Last Updated on March 20, 2022
A New York college has booked convicted cop killer Jalil Muntaqim, formerly known as Anthony Bottom, for a paid speaking event on April 6. Muntaqim was among a group of “Black Liberation Army” extremists who assassinated two New York City police officers in 1971 and was also involved in a shootout with law enforcement in California. The university has marketed Muntaqim as a “political prisoner.”
The College at Brockport, State University of New York, is hosting an event titled, “History of Black Resistance, U.S. Political Prisoners & Genocide: A Conversation with Jalil Muntaqim” on April 6. “Jalil is author of the seminal work, ‘We Are Our Own Liberators,’” a description of the event states. “He gained his freedom in fall 2019, and currently resides in Rochester, NY. He is a member of Citizens Action Network and People Liberation Program, as well as a grandfather, father, mentor to many, and loving human being.”
Muntaqim has been invited to speak under a grant for “Promoting Excellence in Diversity.” Additionally, the convicted cop killer is set to be paid a little over $1,000 for the event, according to the university.
Turns out SUNY @Brockport paid cop killer/domestic terrorist Anthony Bottom to speak. Many have weighed in on this but what does @GovKathyHochul have to say about SUNY paying a cop killer to speak? Does she believe Bottom, who was tried and convicted, was a “political prisoner?” pic.twitter.com/aEux0mKdHU
— Kieran Michael Lalor (@KieranLalor) March 15, 2022
On May 2, 1971, Muntaqim and a fellow Black Liberation Army member shot NYPD officers Waverly Jones and Joseph A. Piagentini in the back. Piagentini pleaded for his life and told the gunmen that he had a wife and children, at which point Muntaqim and his associate took his service pistol and fired several more shots. Piagentini was shot 22 times and died while being transported to a Harlem hospital.
The Black Liberation Army was a black supremacist organization responsible for the murders at least 10 police officers. Former BLA member Assata Shakur played a role in the murder of New Jersey State Trooper Werner Foerster in 1973. She escaped from prison and received asylum from Cuba.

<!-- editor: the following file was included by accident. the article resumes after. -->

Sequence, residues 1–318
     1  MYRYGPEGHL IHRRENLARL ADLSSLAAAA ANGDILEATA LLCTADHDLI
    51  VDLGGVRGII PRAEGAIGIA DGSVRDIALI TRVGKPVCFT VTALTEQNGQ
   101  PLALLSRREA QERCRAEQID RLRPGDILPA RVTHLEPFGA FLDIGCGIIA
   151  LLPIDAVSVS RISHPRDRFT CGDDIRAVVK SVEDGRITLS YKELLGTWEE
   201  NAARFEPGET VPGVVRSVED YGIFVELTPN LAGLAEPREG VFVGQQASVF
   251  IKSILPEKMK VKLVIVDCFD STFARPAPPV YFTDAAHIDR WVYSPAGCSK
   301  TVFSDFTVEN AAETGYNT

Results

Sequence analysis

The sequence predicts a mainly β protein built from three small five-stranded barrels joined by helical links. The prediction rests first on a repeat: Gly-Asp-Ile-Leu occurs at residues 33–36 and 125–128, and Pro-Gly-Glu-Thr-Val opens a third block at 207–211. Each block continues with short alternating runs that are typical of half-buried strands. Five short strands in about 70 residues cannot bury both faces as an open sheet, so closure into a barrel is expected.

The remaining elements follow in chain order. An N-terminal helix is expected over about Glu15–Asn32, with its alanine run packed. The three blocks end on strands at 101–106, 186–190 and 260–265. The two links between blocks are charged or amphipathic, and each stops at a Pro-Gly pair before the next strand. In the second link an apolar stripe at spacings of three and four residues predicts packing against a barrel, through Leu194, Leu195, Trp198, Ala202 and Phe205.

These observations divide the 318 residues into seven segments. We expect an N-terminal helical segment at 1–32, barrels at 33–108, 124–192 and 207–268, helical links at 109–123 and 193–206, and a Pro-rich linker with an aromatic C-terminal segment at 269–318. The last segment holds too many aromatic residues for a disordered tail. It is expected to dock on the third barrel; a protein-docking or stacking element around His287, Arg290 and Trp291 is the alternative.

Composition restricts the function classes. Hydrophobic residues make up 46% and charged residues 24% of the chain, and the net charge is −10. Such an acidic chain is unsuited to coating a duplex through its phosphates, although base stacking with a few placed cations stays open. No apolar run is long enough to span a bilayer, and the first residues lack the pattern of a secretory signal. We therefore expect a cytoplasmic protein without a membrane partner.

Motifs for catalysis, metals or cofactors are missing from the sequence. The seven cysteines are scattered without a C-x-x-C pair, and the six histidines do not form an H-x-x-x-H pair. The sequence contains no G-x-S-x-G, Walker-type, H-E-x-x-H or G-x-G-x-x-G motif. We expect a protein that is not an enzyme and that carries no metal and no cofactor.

Brockport does not mention Muntaqim’s membership in the terrorist organization. Instead, the university has described the convicted cop killer as an “NAACP activist” who joined the Black Panther Party when he was 18. The event description further presents Muntaqim as a “political prisoner” jailed for fighting a just cause against a white supremacist system.
Dianne Piagentini, the widow of one of the slain officers, spoke to Fox News about the upcoming event. “They are presenting him as a political figure, and that is so untrue,” Piagentini said. “Nowhere in that bio does it say he’s a two-time cop killer. Nowhere in there does it say anything about him joining the Black Liberation Army.”
“My husband went to work during a terrible, terrible time, and he went every day, and he walked out there to protect the community,” she continued. “And people need to remember that. They need to remember that the police officer that you see in the police car or walking or going into this into a store, he’s there to protect you and you should respect him for that.”
After backlash, the university affirmed their commitment to holding the event in a statement. We do not support the violence exhibited in Mr. Muntaqim’s previous crimes, and his presence on campus does not imply endorsement of his views or past actions,” said. “However, we believe in freedom of speech.”
The convicted cop killer has not expressed remorse for his crimes and never apologized to Piagentini. “We had children, we had just gotten married, all of it was gone,” she said. “And he’s not remorseful for it.”
The university has also declined to speak with her.